Psychology is defined as ‘both an academic and applied discipline involving the scientific study of mental processes and behaviour ‘(http://en.wikipedia.org/wiki/Psychology) that is being applied more to our everyday lives. Psychology is being used in many different settings, such as clinical, occupational and educational and is being used to improve humans’ lives in many different ways.
Psychology has ‘more major ethical issues associated with research… than in most other scientific disciplines’ (Eysenck 2000). Firstly, psychologists work with living creatures (both humans and animals) that all have the right to be treated in a respectful manner. Secondly, ‘research may reveal what seems to be unpleasant or unacceptable facts about human nature’ and thirdly, ‘psychological research may lead to the discovery of powerful techniques that can be used for purposes of social control’ (Eysenck 2000). Humans’ are immensely complicated creatures and great care has to be taken in the way that the research is carried out. Usually ‘most ethical problems in human research stem from the participant being typically in a much less powerful position than the experimenter’ (Eysenck 2000).
The B.P.S (British Psychological Society) introduced a set of ethics that must be adhered to by all psychologists when studying either humans or animals. These ethics are agreed social rules and moral responsibilities and obligations that are in place to stop unnecessary psychological or physical damage occurring to subjects of any research. The main points of the ethics state investigators must consider ethical and psychological implications for research participants and should inform the participants of the objectives of the research and gain their informed consent. The psychologist must not withhold information or mislead participants and the ethics state intentional deception should be avoided.
The participants should be fully debriefed at the end of the research so that they can complete their understanding of the nature of the research, and it must also be emphasised to the participants that they have the right to withdraw from the experiment at any time. All data obtained must be treated as confidential unless otherwise agreed in advance, and all studies based on observation must respect the privacy and psychological well-being of the participants. The investigator must also protect all participants from physical and mental harm during or arising from the investigations, and must also exercise care in giving advice on psychological problems. The ethics also state that all investigators share responsibility for ethical treatment, and should encourage others to rethink their ideas if necessary.
An example of a psychological experiment that is today considered unethical is The Milgram Experiment, which was invented by psychologist Stanley Milgram and was conducted in July 1961. The experiment consisted of a participant giving electric shocks to an actor and its purpose was to measure the willingness of study participants to obey an authority figure who instructed them to perform acts that conflicted with their personal conscience. By modern standards, an experiment of this kind would not be allowed today because of the administering of electric shocks but also participants were not fully debriefed and some participants indicated that they never fully understood the purpose of the experiment.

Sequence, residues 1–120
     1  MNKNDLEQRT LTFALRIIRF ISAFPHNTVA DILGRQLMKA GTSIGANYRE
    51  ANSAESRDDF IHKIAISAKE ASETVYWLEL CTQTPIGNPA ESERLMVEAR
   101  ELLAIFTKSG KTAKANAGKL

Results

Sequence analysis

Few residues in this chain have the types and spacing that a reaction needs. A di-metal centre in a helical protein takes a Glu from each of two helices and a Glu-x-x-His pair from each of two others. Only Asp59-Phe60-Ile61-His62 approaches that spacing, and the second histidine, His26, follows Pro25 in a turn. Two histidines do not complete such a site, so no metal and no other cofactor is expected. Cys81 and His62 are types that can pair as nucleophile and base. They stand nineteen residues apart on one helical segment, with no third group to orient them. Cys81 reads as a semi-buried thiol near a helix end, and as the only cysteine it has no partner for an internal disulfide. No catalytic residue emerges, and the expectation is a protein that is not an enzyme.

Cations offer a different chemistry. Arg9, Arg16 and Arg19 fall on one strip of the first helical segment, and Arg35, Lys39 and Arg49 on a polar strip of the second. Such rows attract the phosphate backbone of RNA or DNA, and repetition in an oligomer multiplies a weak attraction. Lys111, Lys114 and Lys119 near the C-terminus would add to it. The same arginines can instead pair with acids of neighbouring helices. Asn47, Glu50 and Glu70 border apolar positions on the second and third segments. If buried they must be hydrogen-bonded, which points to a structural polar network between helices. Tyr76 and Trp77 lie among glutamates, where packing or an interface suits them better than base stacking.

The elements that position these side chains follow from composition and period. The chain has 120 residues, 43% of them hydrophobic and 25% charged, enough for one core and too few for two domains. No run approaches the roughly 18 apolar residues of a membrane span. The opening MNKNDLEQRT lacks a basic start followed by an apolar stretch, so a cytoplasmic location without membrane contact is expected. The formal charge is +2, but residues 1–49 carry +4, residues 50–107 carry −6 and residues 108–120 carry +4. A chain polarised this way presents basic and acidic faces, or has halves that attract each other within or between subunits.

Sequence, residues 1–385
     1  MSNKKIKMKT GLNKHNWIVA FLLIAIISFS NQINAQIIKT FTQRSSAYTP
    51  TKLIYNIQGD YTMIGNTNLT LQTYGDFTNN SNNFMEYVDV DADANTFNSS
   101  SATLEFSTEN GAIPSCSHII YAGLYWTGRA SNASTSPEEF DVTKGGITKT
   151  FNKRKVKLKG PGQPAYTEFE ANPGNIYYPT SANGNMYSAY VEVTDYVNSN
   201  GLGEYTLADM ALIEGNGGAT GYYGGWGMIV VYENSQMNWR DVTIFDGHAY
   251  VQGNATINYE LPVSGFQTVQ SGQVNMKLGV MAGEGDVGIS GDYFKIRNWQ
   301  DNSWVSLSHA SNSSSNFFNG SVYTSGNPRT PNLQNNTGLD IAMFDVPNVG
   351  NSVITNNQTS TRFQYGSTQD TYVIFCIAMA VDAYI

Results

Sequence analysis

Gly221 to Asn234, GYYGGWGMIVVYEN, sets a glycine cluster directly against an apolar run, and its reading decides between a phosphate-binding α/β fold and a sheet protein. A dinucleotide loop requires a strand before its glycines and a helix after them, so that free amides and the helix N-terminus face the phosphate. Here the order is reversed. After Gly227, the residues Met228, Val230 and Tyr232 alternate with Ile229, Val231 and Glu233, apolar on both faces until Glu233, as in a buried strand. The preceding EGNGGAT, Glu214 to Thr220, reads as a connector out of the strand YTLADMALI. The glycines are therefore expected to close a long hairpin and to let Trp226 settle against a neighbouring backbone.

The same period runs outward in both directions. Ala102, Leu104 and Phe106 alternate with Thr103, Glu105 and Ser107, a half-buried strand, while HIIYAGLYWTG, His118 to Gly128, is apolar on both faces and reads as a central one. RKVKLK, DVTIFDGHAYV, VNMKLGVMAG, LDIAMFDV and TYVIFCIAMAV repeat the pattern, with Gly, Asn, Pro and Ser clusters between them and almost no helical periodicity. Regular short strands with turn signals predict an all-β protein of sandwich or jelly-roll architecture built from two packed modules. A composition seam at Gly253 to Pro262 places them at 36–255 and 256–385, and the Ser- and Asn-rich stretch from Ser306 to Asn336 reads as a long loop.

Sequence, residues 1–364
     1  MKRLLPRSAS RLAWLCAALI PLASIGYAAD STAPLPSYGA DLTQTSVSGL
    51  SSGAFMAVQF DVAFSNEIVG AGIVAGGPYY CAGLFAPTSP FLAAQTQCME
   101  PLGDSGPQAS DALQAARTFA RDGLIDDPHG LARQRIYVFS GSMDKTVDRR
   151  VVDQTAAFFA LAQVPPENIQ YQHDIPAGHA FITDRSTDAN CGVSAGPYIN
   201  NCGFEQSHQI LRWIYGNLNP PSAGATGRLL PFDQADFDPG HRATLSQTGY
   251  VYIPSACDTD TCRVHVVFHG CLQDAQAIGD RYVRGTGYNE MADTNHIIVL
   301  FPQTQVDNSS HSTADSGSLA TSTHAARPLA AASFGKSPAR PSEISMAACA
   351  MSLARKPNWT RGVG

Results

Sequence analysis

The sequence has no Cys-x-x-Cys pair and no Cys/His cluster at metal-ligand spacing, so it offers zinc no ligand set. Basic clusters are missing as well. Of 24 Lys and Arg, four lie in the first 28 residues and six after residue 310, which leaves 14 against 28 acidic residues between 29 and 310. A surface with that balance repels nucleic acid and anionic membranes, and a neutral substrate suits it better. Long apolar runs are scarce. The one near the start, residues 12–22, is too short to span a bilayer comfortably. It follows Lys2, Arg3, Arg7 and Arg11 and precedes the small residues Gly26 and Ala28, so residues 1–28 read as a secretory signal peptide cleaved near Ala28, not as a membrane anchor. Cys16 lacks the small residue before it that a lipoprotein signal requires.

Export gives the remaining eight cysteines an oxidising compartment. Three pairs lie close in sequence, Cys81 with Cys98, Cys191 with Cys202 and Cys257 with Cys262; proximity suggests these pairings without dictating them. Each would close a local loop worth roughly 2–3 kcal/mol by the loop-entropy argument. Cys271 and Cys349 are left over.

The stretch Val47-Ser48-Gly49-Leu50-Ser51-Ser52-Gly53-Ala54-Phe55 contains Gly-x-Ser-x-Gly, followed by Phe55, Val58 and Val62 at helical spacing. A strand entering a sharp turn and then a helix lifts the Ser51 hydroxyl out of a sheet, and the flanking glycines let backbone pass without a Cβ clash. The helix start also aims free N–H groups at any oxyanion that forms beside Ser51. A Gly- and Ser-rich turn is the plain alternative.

‘Psychology develops because psychologists conduct research, and from this research conclusions are drawn about the way the human mind works from examining what the research reveals (Hayes & Orrell 1993), that is why it is important that the results are valid and gained in a scientific way.
Another element required to carry out research in psychology is that the research must be scientific. There must be definable subject matter – this changed from conscious human thought to human and non-human behaviour, then to cognitive processes within psychologies first eighty years as a separate discipline. Theory construction is also important as this represents an attempt to explain observed phenomena. Any science must also have hypothesis, and must test them by making specific predictions about human behaviour under certain specified conditions. Also, empirical methods must be used to collect data that is relevant to the hypothesis being tested. The research must also be objective, free from any bias values or views so the results are accurate, and reproducible for the research results to be valid.
‘The ideal scientist states hypotheses and predictions precisely, is sceptical of claims that rest solely on faith or authority, relies on empirical evidence, resists the confirmation bias and complies with the principle of falsifiability, and is open about methods and results so that findings can be replicated’.
(Wade & Tavris 1999)
‘Formal models and associated statistical and computational techniques play an important part in contemporary scientific psychology. This is largely due to the complexity of the phenomena under study, ranging from sensory processes to brain processes to social behaviour, and such complex processes cannot be explained by verbal theories. This has led this century to the development of a complex body of mathematical, statistical and computational psychology research organisations. Psychologists now rank with economists as one of the heaviest users of statistical technology.’